Shamanism and Shamanic Healing
Simply put, shamanism is the oldest form of spirituality practiced on the planet throughout human history (and prehistory), and transcending time and space. The term 'shaman' was originally used by Western anthropologists to describe Siberian cultural practices, and has been extrapolated to refer to similar practices observed in traditional cultures around the world. Given the universal nature of these practices, cultural anthropologists believe that elements of these traditions are intrinsic aspects of human nature.
Throughout human evolution, the role of the shaman in traditional cultures likely played an essential role in survival. For example, by observing animal movements and weather patterns, the shaman could provide information to help with a successful hunt. Other roles include storytelling and maintaining oral culture to pass along to future generations, performing ceremony and rite of passage rituals, healing with plant medicines and other techniques, and aiding in dispute resolution and diplomacy between groups. In this traditional context, the shaman was a community leader, priest, healer, and sage. However in many shamanistic cultures, the entire community engaged in shamanic practices which were not exclusively the domain of a single person. Vitalism, or engagement with the living qualities of nature, is a way of life for all members in shamanic cultures.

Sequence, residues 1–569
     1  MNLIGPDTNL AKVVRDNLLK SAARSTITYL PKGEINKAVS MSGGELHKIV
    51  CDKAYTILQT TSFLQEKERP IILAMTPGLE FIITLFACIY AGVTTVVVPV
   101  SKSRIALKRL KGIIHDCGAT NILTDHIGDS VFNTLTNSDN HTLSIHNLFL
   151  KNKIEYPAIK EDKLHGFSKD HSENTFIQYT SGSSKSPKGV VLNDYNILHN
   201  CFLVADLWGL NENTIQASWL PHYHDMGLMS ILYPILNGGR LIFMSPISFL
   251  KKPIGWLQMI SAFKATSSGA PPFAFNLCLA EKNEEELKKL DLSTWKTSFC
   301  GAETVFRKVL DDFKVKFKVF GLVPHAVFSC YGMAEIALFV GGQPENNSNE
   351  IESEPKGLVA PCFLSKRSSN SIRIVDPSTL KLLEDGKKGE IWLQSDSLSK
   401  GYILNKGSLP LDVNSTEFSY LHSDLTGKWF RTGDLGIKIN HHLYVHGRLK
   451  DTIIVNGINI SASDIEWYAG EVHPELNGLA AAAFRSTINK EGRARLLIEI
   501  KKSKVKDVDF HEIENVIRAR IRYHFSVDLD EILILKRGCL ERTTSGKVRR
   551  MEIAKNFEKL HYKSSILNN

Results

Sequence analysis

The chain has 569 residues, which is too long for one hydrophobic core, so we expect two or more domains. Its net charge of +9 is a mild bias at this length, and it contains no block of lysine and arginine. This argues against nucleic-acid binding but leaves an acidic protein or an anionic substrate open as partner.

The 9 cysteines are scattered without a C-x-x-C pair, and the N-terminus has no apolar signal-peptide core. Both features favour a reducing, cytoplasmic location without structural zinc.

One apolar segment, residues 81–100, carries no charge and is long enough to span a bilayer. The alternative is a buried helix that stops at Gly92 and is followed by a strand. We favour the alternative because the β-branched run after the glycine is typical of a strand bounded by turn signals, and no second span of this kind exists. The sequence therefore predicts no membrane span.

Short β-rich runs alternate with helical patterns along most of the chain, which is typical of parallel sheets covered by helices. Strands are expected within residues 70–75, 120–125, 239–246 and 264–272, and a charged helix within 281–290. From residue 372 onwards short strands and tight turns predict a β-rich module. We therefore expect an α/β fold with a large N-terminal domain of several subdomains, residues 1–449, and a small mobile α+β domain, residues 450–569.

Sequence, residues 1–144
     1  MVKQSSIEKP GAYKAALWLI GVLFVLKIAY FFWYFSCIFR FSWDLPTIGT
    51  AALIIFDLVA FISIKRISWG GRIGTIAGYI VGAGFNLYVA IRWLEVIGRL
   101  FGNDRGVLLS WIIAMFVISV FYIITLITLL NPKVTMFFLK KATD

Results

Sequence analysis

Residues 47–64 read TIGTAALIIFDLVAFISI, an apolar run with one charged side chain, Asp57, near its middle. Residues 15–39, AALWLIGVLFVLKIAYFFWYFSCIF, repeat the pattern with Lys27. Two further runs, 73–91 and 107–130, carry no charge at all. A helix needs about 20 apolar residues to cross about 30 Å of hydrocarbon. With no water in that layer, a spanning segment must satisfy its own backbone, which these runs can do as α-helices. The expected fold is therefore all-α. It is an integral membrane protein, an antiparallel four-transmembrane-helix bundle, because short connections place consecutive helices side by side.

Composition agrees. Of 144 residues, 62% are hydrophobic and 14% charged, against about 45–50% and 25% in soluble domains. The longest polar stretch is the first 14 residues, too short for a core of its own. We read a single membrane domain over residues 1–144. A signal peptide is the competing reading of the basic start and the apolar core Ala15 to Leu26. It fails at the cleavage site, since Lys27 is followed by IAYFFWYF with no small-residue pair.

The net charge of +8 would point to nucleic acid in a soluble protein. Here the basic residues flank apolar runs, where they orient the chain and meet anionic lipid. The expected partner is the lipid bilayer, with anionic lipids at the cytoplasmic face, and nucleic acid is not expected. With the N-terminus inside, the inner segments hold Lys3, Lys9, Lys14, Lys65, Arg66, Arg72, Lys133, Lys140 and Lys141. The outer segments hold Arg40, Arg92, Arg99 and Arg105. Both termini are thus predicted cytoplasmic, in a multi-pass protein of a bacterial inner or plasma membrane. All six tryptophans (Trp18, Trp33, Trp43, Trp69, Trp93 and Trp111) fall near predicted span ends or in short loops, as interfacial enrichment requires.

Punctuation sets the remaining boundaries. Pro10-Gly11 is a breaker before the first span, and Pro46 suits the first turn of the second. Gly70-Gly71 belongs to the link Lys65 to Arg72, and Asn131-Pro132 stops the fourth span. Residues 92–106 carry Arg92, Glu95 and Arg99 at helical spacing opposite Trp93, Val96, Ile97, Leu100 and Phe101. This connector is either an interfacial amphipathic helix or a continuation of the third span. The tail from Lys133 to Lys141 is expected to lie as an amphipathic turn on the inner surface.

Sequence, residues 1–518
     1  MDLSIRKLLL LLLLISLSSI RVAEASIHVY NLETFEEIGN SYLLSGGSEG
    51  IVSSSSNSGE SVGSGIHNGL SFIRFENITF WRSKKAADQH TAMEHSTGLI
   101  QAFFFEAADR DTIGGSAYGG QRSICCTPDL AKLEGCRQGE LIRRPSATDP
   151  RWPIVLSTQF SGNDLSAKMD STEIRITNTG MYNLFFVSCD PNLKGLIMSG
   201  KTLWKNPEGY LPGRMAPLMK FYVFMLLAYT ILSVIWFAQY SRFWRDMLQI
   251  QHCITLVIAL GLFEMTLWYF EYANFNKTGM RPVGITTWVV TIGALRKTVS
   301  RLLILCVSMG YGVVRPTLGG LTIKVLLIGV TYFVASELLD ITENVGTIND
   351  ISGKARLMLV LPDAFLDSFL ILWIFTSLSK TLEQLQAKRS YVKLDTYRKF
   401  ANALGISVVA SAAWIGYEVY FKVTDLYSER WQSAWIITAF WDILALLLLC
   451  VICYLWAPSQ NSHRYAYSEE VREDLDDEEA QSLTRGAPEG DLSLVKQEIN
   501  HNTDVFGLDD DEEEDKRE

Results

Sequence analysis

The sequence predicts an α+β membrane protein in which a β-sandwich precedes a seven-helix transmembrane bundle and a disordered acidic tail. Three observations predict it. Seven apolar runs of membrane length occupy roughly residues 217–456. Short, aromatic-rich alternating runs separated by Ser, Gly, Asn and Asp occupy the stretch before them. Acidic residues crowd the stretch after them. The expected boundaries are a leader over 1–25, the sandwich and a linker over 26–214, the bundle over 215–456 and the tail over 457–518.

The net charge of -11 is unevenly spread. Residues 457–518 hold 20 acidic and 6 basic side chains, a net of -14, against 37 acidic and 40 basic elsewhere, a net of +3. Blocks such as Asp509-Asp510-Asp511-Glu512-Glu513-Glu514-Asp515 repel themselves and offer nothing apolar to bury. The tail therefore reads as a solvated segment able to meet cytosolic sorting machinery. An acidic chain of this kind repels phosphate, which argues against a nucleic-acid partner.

My teachers and my teachers' teachers
As a young undergraduate student in anthropology, I was privileged to study under the late Roy Rappaport at the University of Michigan, attending the final class he taught in Ecology, Meaning and Religion before his retirement and passing in 1997. Rappaport was known for his work in ecological anthropology, the study of human interaction with the environment. As chair of the anthropology department, his leaning toward 'engaged anthropology' was deeply influential to my training. Also referred to as 'applied' or 'practical' anthropology, this approach was a departure from early work in the field known as 'armchair' anthropology in which the observer retains a distance from the subject and believes herself objective. Engaged anthropology encouraged involvement in shaping policies of social and environmental justice. This deeply resonated with me, as did the field of medical anthropology, which opened my eyes to the notion that health, disease, and medicine are cultural constructs. This background, along with a love of botanical medicine and ethnobotany, led me to the field of naturopathic medicine.
In 2005, I returned to Ann Arbor after completing my naturopathic training and studied for ten years under ShuNahSii Rose of In Sacred Balance. ShuNahSii is a feminist educator, healer and community organizer who for 27 years has facilitated spiritual community for girls and women. Her primary teacher was Keewaydinoquay Pakawakuk Peschel. Keewaydinoquay was a scholar, ethnobotanist, herbalist, medicine woman, teacher and author. She was an Anishinaabeg Elder of the Crane Clan. ShuNahSii also studied under Rosita Arvigo, a Naprapath of Mayan descent.